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1. Larry Summers: Europe crisis hit by 'realism failure' (Summers) BBC.com
2. The Minimum City (Glaeser) The Economist
3. G20 and the issue of fossil-fuel subsidies (Mawardi) Jakarta Post
Larry Summers: Europe crisis hit by 'realism failure'
Interview with: Lawrence Summers, Center for Business and Government
Topic: The European economy
A top US economic policy-maker has told the BBC of a "deep and profound and continuing failure of realism" by European leaders over the euro crisis.
Professor Larry Summers said politicians in the US and around the world were right to be frustrated at how Europe has dealt with the crisis....
Larry Summers says it is not just about concrete effects like a drop in exports.
"There are also very large psychological effects," he said, "and the sense that a large part of the world economy could encounter really grave financial problems is a source of uncertainty.
"When people are uncertain, they wait, and that means they don't spend, and in a demand-short economy, that can be a serious problem.
"Europe is a threat not only to itself but to the global economy."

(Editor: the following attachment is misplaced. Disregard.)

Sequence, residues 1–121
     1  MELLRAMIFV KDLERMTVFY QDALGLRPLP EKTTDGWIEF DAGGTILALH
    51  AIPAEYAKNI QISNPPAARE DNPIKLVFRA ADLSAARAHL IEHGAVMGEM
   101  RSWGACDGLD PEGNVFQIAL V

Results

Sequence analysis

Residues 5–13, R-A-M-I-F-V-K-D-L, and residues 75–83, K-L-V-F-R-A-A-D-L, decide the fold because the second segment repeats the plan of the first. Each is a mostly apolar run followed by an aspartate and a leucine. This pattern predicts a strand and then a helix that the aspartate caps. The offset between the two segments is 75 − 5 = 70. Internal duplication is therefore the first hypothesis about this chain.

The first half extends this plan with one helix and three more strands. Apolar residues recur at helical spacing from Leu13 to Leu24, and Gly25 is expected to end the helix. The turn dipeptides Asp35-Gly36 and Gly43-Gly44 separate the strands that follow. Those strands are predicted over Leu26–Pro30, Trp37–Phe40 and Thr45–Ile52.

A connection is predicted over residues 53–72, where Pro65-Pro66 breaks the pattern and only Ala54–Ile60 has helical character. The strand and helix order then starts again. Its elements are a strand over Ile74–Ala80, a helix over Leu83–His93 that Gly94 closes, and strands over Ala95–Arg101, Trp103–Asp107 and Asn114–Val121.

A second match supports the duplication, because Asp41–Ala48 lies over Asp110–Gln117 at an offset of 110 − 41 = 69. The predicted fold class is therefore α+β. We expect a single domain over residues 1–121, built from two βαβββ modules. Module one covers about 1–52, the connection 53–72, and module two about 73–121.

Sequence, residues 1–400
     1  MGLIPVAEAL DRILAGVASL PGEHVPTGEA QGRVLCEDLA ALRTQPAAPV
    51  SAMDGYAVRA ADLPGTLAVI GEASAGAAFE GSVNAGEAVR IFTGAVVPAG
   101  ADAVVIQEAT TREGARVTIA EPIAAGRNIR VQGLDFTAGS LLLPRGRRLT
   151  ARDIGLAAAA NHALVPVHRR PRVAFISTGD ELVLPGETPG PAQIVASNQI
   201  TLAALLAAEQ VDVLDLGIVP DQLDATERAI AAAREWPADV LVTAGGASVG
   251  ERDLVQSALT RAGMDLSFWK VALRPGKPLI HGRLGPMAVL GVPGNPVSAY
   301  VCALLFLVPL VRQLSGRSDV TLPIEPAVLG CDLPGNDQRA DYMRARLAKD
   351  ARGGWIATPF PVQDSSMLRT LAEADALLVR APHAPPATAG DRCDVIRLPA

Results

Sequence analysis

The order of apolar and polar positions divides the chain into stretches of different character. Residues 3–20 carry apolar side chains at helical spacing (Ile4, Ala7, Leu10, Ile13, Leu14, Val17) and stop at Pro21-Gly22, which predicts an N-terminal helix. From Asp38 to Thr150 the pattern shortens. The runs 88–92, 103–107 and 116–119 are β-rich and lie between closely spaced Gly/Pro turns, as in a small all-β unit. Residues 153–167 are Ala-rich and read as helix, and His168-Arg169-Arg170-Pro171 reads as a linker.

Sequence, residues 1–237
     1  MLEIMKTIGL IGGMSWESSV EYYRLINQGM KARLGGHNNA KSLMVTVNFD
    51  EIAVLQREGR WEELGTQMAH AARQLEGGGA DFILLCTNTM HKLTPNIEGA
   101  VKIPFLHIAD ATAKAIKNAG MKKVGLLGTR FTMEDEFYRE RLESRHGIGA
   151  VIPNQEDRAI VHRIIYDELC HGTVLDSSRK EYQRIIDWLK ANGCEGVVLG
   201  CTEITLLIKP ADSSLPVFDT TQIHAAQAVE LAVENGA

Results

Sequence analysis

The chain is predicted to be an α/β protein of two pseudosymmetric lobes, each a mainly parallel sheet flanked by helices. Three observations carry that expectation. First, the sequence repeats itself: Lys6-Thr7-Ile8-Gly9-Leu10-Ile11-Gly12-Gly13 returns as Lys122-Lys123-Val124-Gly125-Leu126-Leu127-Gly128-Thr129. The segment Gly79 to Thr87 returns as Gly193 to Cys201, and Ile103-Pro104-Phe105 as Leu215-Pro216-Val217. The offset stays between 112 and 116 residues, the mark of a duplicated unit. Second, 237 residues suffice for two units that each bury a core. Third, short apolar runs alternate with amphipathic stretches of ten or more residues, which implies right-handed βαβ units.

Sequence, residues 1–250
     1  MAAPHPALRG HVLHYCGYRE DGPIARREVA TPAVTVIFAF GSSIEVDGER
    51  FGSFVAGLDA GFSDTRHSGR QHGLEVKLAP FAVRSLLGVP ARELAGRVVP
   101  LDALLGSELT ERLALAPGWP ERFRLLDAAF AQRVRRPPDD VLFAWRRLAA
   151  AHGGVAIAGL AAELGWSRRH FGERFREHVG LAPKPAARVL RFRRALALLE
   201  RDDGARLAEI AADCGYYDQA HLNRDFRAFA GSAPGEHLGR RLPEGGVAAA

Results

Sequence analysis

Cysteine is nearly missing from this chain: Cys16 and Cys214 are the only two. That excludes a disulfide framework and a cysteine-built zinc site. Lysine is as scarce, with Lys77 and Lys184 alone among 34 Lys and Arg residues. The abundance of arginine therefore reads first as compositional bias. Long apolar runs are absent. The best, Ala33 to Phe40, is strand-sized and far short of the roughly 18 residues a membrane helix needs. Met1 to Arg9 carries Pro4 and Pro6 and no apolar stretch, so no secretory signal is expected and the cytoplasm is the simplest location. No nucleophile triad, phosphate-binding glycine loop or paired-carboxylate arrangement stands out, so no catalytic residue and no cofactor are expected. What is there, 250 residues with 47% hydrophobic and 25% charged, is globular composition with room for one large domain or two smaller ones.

The Minimum City
Quoted: Edward Glaeser
Topic: Growth in Mumbai
Glaeser is also quoted in an article in The Vancouver Sun.
Mumbai has perhaps the most extreme statistics of any metropolis. Its land mass is small, stuck like a crooked blade into the Arabian Sea. It has poor transport links, so people who work in the city live near it. That in turn means it has the highest population density of any big city. But it is also low-rise. Panama City has a taller skyline....
Three things explain Mumbai’s predicament: regulations, financing and graft. The city, reckons Edward Glaeser of Harvard University, has “some of the most extreme land-use restrictions in the developing world”, designed to deter new migrants but which have backfired.
G20 and the issue of fossil-fuel subsidies
The Jakarta Post
Commentary by: Izhari Mawardi MPP 2012
Topic: Upcoming G20 meetings
The leaders of the 20 major economies (G20) will meet in a summit on June 18–19 at Los Cabos, Mexico. The summit will build on past commitments of the Cannes Declaration inked last year, when the leaders reaffirmed their commitment to rationalizing and phasing out over the medium term inefficient fossil-fuel subsidies that encourage wasteful consumption, while providing targeted support for the poorest people.
The International Monetary Fund (IMF) estimates that fossil-fuel subsidies result in US$500 billion worth of trade lost annually from global gross domestic product (GDP). Focusing on Indonesia as a model for subsidy reform is crucial, as it is one of the four G20 countries that posted positive economic growth beyond 5 percent (6.4 percent) during the financial crisis in 2011.
This selection of media appearances is compiled by the Office of Communications and Public Affairs.
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